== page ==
changed since the close of the civil war, but in every case it has
been done piecemeal.
The death of ex-President Arthur again calls attention to the
anomalous position of those who have been chief magistrates of
the nation. They have no careers after their occupancy at the
White House is over, and the country does not benefit by the
experience they have passed through. They ought to be made
members of the Senate for life, with handsome pensions. The
special distinction of Chester A. Arthur was his common sense
and tact in dealing with men and affairs. It was these qualities
which made him a successful party manager and a very accept-
Will Silver Continue lo Rise?
The coincidence betwe'en the revival of industry throughout the
world and the rise in the price of silver has been very generaUy
remarked, and it therefore seems a vital matter whether the appreÂ¬
ciation of the white metal is to continue. We are here taking for
granted that there has been a real alteration in the value of silver,
but this way of looking at the matter is misleading. The change
has occurred because gold will buy less than it did a couple of
months since, the value it had then having in part passed into the
commodities it measured, silver included. There is now a hopeful
feeling in all the business circles of the world, because there is a
general expectation that in time silver as well as gold will become
a measurer of values, and that at the ratio of 15)^ of the white
metal to 1 of the yellow, silver would be quoted at Old. per ounce,
instead of as now 473^d. Should the businesa world be mistaken
on this pointâ€”should there be no prospect of the rehabilitation of
silver as a money metal, then would a blow be given to-all the
revived industries of the nation, and a semi-panic would set in
throughout every department of international trade.
We give place in this issue to a communication from an Anglo-
East Indian, who holds to the theory that England does not intend
to help re-establish bimetallism. He avers the appointment of the
Royal Commission on metallic currencies was simply a tub thrown
to the bimetallic V7hale. According to our correspondent the root
of ^he trouble, indeed the cause of the depreciation of silver as
compared with gold, is due to the Anglo-Indian Council, which has
the yearly disbursement of Â£13,000,000 of East India drafts. This
represents interest on the East India debt, the pay of the Indian
army and the civil service; also the payment for contracts for new
railways and the improvements countenanced by the home governÂ¬
ment. If we understand Mr. Paul the bulk of this money could
be spent directly in India. The consequent reduction of the
amount of the drafts drawn in London would add so much to the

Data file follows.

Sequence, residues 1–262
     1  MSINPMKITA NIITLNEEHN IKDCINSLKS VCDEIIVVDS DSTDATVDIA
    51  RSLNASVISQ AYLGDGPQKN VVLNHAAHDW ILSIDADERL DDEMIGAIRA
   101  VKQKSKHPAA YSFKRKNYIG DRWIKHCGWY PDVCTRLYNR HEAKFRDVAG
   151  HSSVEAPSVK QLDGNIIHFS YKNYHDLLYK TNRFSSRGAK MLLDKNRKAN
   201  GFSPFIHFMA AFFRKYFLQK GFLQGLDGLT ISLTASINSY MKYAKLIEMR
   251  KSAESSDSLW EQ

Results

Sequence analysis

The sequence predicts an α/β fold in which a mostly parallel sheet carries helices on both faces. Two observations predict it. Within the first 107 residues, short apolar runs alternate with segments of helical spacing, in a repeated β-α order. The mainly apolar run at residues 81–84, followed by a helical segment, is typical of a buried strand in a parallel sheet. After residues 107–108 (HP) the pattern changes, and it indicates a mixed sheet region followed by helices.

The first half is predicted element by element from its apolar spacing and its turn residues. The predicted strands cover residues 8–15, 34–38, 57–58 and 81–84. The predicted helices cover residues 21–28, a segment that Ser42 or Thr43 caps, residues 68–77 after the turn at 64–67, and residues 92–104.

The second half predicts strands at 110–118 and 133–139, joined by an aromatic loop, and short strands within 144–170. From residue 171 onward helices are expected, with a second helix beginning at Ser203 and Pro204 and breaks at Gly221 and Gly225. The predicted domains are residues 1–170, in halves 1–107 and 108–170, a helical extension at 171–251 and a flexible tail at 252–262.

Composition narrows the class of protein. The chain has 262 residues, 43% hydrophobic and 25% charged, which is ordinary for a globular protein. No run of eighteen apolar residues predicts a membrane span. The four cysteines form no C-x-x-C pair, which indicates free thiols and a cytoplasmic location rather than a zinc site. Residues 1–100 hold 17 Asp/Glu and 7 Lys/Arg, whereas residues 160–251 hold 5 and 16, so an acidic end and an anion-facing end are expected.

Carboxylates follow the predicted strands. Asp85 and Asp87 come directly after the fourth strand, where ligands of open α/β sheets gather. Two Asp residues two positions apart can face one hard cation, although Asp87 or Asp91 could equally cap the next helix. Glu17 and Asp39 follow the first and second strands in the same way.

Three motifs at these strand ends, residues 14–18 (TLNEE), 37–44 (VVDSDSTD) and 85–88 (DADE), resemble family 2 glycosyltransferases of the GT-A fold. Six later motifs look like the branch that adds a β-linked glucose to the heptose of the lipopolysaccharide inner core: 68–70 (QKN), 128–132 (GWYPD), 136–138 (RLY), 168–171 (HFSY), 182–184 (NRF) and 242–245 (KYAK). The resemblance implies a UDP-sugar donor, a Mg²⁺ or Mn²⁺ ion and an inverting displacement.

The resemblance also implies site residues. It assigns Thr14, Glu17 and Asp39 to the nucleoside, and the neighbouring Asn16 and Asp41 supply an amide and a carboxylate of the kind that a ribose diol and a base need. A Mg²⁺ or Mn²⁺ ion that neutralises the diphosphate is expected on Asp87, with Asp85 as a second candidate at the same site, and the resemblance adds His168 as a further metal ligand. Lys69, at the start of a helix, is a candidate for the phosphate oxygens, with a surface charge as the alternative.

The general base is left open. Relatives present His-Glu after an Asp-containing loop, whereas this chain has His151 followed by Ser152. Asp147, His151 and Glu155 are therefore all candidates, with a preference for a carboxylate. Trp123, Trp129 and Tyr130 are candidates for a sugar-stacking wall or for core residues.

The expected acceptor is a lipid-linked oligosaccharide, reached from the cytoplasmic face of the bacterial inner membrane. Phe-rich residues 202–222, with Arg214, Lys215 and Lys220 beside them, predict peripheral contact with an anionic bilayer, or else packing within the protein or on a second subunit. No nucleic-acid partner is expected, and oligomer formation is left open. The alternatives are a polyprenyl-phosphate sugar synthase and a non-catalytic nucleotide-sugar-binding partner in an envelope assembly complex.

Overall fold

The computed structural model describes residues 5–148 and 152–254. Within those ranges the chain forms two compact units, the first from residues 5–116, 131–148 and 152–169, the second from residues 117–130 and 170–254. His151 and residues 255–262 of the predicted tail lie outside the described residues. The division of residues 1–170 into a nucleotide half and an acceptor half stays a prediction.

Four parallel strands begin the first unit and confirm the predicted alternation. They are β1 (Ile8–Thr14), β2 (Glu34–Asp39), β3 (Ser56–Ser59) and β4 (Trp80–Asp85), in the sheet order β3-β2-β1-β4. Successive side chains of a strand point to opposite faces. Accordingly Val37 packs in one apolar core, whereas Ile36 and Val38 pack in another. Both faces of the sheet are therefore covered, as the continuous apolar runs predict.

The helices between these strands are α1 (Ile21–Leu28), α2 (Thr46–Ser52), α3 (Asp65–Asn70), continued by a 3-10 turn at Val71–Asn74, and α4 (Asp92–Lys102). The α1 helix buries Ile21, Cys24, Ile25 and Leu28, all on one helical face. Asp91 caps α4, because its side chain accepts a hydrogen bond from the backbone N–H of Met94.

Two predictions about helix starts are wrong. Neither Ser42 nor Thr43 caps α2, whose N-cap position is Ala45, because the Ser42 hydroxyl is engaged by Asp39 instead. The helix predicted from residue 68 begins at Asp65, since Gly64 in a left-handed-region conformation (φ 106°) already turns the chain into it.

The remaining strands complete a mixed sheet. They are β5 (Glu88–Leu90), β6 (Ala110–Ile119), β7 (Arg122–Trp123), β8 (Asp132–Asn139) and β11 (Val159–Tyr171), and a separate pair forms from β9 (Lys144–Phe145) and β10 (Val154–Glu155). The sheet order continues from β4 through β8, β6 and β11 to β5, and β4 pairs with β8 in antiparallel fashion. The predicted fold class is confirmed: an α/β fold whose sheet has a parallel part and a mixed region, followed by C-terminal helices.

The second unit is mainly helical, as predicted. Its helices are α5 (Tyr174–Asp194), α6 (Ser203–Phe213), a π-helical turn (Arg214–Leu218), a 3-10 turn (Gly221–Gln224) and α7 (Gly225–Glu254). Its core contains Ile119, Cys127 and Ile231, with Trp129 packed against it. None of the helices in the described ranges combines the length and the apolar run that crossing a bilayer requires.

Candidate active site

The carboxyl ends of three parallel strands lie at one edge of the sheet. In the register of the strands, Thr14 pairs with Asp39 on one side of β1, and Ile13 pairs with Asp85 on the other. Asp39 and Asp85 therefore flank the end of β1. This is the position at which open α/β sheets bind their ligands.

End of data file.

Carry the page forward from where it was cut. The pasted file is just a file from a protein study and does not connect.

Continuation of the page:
silver currency in the Peninsula. But the policy of England is to
depress prices, and hence India has far less silver than is required
by its industrial enterprises. In other words, if the markets of
India were opened the surplus silver would be drained away from
the rest of the world, and the white metal would rise in value as
compared with gold.
This is not the view taken by biinetallLsts generally. They claim
the blow at prices was struck by Germany when it adopted gold
monometallism, so as to utilize the enormous gold indemnity paid
to her by France in 1870 and 1871. From that time to the present,
gold alone has practically been the sole measure of all values in
the commercial world. This han had a disastrous effect upon busiÂ¬
ness everywhere, which required more instead of less metallic
money with which to carry out its enormously growing transactions.
We relieved ourself from the keen distress of other nations, by parÂ¬
tially remonetizing silver in 1878. The coinage of the silver dollar,
making it by law as good as gold for all business purposes, has had
the very best results with us. Were the coinage of tlie dollar to
be stopped it would bring widespread disaster upon every trade
interest in the country.
In this connection the following from the "Washington correÂ¬
spondent of the Commercial Bulletin â– will be read with interest:
In an undemonstrative way the representatives of the administration
have been making use of the opportunities afforded by the presence in this
country of the representatives of the English government entrusted with
the duty of collecting information on the subject of bimetallism. The
nature of the appointment and mission of these gentlemen was construed
as precluding official recognition of their visit or the appointment of a
representative of this government to confer with them. The purpose of
their appointment, while not that of international conference, was one
fully as well calculated to secure the information desired on the subject of
I bimetallic coinage in all its international phases. What information was
desired has been placed at the disposal of these gentlemen, and the imporÂ¬
tance apd significance of their visit has been.apprecjated. Jt is pot too